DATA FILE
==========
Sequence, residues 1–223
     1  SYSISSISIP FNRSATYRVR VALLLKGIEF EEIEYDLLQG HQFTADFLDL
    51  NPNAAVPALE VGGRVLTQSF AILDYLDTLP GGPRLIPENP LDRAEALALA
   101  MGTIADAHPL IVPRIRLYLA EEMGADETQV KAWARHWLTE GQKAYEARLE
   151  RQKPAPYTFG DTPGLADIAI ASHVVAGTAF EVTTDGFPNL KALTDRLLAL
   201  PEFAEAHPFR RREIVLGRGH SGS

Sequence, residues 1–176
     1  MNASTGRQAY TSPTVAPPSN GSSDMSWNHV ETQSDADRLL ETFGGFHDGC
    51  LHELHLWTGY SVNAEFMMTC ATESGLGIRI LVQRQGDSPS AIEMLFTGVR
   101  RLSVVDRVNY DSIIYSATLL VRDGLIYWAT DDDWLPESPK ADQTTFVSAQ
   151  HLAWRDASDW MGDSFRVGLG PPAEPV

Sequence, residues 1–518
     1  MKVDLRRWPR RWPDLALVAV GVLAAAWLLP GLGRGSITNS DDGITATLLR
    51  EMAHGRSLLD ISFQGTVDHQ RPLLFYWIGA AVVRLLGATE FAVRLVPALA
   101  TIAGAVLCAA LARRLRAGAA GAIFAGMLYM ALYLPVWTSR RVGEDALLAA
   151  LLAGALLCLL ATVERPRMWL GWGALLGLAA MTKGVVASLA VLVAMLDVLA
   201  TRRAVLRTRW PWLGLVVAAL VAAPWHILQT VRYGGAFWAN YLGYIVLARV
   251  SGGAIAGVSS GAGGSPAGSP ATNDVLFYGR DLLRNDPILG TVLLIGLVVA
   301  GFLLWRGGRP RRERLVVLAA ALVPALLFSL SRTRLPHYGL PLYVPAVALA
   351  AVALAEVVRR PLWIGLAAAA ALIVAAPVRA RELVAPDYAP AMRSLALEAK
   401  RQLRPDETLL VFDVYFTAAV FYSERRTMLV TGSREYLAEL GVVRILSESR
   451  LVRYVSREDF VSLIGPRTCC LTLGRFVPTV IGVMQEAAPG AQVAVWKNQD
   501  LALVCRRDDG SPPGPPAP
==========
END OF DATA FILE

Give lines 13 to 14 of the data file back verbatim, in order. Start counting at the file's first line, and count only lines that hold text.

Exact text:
     1  MKVDLRRWPR RWPDLALVAV GVLAAAWLLP GLGRGSITNS DDGITATLLR
    51  EMAHGRSLLD ISFQGTVDHQ RPLLFYWIGA AVVRLLGATE FAVRLVPALA